How Winter Can Affect MS

For most of you, there is one certainty when it comes to winter and MS: the colder weather and gray days have an effect on you. But how the weather affects you is a toss-up.

We reached out on the Facebook page to ask: “Do the darker, gray days of late fall and winter impact your emotional symptoms?”

In the community, 925 members voted. An overwhelming majority—77% of you— stated that you are impacted by the cold weather. But, for some, the cold weather brings relief from symptoms. For others, the short days of winter bring on depression. Still others say that the cold makes their MS worse.

This poll is just one more bit of proof showing that this one disease affects the community in so many different ways. There are similarities, of course, in how you’re affected. Here are some of those similarities.

“Winter months are my time of year.”

For some of you, the colder months are a relief from summer and the effects that heat brings. Heat and humidity tend to be the bigger MS triggers, so it makes sense that the colder, crisper air of winter is a reprieve for most in the community.

“I am so immensely bucked up to have the cooler days so that I can actually walk outside that I’m in a constant state of pleasure and happiness.”

“Winter months are my time of year. I HATE the long, light, hot days of summer. The colder, shorter, darker, rainy days of winter months give me more energy. I just feel better.”

“I feel alive! Summer is horrible for me. I wait the entire time for the grey, cold days of winter!”

“I’m very sensitive to light deprivation.”

Depression is one of the most common symptoms of MS, sometimes attributed to the inflammation linked to all autoimmune disorders. Because it is so common among those with MS, it’s worth bringing awareness to how the short days of winter, with their limited light, are affecting you. If you are feeling down, there are many options available, including light therapy lamps for depression. Or, you could also try to make an effort to spend at least 30 minutes outside in the daylight, if your symptoms allow.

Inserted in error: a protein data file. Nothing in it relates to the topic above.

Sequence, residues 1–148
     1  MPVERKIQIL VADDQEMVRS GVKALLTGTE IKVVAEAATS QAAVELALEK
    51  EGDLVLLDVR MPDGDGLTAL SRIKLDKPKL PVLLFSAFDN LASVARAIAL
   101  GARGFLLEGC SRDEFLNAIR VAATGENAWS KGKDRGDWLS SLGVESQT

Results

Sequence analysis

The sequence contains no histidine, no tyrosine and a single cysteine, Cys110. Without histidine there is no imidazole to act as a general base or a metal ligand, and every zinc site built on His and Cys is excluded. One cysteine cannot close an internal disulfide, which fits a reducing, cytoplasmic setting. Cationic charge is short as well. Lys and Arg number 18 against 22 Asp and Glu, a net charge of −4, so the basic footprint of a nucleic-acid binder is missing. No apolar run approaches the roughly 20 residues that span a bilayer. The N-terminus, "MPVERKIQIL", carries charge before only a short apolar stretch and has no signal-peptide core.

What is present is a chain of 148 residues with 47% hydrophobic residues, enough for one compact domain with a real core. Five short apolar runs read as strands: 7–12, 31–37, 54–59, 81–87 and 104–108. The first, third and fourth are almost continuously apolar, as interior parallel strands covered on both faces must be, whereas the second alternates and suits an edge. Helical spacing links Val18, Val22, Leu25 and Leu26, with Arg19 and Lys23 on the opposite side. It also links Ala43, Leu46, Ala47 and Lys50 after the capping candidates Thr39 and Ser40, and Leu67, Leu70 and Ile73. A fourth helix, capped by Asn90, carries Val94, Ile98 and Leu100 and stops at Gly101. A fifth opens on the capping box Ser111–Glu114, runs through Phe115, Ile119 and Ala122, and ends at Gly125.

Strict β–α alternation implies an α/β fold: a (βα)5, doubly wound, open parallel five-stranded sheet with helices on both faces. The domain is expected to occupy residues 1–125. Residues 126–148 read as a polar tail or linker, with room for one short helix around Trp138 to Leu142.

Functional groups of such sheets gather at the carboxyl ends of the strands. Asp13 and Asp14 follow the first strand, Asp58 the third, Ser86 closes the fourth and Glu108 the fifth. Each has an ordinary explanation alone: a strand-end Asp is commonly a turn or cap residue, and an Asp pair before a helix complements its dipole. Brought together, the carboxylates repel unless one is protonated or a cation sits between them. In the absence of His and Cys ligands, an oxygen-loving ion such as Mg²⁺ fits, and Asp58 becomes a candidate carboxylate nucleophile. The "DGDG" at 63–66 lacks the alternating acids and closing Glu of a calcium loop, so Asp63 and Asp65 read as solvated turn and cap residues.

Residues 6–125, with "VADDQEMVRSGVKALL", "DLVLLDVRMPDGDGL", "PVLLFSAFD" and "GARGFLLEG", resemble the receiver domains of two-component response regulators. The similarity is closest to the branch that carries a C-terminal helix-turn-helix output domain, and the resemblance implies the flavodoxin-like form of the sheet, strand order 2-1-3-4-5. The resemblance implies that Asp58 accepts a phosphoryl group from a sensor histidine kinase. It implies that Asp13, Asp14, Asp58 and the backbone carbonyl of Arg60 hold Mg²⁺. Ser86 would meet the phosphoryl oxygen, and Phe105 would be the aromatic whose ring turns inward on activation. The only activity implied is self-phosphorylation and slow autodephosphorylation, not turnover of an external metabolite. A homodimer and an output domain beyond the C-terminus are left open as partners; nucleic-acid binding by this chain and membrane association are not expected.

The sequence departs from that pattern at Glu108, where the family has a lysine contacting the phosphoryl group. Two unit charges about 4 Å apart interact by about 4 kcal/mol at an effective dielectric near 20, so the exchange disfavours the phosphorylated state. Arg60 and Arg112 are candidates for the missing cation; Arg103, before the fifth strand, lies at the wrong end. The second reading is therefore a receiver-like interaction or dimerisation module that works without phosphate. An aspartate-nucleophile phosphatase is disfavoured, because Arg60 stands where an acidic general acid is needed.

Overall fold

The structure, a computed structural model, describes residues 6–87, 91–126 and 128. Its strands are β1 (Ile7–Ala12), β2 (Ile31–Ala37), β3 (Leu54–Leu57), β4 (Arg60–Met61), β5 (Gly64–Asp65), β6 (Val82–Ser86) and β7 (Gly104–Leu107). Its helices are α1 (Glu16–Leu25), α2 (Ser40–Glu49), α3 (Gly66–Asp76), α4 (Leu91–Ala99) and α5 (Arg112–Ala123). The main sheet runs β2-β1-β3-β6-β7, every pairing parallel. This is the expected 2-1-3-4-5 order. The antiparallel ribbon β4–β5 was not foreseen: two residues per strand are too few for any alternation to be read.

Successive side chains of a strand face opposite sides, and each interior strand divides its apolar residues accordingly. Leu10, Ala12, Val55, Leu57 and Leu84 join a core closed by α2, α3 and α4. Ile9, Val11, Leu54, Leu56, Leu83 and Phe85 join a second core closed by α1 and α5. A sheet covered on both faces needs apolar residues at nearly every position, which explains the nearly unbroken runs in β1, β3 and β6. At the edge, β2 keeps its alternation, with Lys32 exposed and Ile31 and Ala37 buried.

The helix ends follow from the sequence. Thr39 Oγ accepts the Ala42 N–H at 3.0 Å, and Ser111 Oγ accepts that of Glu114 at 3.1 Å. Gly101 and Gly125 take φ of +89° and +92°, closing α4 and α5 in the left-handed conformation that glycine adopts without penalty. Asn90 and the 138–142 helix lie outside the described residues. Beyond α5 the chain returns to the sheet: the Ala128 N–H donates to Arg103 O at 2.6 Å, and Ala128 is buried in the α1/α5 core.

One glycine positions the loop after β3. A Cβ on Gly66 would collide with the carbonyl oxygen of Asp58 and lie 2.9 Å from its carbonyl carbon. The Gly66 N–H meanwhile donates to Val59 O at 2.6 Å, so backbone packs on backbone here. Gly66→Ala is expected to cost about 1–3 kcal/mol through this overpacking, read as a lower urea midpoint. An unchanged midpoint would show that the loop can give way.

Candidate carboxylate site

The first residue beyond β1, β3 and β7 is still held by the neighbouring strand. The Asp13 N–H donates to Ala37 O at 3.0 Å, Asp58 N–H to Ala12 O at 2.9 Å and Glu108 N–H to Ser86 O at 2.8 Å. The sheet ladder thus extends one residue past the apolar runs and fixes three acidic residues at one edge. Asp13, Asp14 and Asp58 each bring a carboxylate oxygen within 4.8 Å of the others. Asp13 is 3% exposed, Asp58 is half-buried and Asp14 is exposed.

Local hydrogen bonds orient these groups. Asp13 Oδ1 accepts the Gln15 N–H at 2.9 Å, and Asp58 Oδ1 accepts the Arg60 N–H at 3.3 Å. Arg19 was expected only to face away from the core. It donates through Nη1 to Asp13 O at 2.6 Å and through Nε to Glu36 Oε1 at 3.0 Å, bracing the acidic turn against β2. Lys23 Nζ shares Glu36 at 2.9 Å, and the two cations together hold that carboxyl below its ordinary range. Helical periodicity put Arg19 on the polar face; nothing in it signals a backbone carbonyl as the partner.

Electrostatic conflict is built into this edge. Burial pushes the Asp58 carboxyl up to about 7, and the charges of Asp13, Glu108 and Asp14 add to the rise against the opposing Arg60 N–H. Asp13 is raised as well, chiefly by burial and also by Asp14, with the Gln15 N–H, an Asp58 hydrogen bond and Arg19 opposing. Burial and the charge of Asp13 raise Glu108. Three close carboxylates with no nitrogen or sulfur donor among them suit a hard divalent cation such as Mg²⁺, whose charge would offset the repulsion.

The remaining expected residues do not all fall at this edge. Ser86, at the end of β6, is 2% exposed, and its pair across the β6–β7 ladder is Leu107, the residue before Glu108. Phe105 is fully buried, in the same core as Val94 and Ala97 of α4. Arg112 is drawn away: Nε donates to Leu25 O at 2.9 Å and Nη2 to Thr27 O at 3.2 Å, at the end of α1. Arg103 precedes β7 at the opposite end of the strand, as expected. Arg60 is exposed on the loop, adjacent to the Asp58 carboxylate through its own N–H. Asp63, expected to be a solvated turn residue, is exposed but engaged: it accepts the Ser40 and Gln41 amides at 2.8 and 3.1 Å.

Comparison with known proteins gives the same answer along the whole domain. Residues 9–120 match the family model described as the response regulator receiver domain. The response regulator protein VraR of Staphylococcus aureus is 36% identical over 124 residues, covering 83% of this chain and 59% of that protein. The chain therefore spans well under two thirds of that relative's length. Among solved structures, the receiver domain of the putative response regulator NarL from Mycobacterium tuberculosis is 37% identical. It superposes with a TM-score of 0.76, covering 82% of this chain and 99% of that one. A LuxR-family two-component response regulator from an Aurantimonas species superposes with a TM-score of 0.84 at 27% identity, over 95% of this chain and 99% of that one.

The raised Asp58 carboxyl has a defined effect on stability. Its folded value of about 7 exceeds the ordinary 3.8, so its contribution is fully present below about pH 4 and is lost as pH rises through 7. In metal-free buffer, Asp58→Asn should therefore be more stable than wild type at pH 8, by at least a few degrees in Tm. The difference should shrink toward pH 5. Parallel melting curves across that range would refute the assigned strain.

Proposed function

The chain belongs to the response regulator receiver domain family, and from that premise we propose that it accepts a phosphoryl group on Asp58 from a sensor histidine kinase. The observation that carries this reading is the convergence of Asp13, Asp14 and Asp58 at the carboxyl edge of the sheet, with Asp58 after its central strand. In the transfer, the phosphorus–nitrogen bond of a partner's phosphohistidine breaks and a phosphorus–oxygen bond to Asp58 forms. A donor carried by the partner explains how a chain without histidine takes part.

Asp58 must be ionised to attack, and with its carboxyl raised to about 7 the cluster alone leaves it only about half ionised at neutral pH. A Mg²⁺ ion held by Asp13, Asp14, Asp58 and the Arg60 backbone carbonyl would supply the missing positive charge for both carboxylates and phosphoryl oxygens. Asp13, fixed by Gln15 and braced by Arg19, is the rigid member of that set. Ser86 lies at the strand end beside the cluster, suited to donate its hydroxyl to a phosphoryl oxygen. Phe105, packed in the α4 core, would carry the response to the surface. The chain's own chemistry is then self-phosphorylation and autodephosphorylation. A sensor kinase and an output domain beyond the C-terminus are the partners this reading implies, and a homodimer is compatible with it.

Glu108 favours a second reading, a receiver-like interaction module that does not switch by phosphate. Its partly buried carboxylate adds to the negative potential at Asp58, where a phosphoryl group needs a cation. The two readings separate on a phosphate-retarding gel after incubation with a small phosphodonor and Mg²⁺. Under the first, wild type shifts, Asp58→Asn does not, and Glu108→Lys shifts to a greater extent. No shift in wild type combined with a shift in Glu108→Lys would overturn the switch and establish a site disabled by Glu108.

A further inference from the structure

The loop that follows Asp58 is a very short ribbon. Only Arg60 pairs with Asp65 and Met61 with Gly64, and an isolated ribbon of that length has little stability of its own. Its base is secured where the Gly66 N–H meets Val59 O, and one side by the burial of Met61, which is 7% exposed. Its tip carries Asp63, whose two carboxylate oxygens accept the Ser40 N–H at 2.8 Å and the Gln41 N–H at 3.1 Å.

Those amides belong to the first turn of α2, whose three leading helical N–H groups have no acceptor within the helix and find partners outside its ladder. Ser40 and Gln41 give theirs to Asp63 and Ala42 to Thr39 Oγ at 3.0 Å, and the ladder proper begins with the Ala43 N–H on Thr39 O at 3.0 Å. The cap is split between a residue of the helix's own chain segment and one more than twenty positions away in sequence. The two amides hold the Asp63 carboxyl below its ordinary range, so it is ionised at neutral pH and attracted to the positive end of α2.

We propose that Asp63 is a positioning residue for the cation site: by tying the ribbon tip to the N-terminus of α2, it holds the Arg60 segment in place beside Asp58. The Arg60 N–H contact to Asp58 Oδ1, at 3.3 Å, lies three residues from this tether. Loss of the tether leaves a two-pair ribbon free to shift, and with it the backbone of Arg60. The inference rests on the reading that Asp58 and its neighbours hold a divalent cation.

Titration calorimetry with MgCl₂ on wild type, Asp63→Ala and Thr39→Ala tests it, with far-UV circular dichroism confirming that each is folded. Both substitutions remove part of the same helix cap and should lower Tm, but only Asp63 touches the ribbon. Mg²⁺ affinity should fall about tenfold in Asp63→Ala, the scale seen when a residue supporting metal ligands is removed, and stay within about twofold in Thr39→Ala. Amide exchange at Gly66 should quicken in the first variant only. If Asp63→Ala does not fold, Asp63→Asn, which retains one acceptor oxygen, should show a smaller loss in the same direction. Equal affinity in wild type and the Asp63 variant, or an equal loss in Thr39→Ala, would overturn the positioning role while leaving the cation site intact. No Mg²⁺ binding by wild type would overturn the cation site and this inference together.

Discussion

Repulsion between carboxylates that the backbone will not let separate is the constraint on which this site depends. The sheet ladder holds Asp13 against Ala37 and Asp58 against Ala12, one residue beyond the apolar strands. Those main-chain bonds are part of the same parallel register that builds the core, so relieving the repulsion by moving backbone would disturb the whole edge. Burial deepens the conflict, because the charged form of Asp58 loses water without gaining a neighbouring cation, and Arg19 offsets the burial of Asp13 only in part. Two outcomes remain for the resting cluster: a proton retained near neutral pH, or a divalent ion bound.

“Wow, I didn’t know this was a thing! I’ve been saying, “I don’t like this time change.” The sunshine is my happiness!”

“I’m very sensitive to light deprivation and depression, so, yes, winter is even worse on my depression.”

“Winter gray days cause more pain.”

Winter does not bring relief for everyone. This can be one of the most frustrating parts of the disease: That heat and cold, extreme or otherwise, can make symptoms worse and cause flare-ups. Thankfully, many of you said that you’re affected by either heat or cold, but not both, so at least that’s some consolation for whom that’s true.

“Winter gray days cause more pain and relapses for me.”

“Cold days do affect my symptoms more.”

“I’m indifferent.”

Some of you in the community are fortunate in that your symptoms aren’t bothered too much by the seasons or the weather—and you appreciate that gift. There are others who may struggle with the season changes, but see the benefit of getting out there and doing it anyway.

“I think you have to get outside in the winter, MS or not. For me, forcing myself to get out helps my mood. I have more pain in the winter though.”

“Nope, lifelong Seattle resident. The rain, fog and wet have never bothered me. Just wear the right gear.”

“I’m indifferent.”

We want to say thank you to those in the community who voted and shared about their experiences with MS. There would be no community without you, so thank you.

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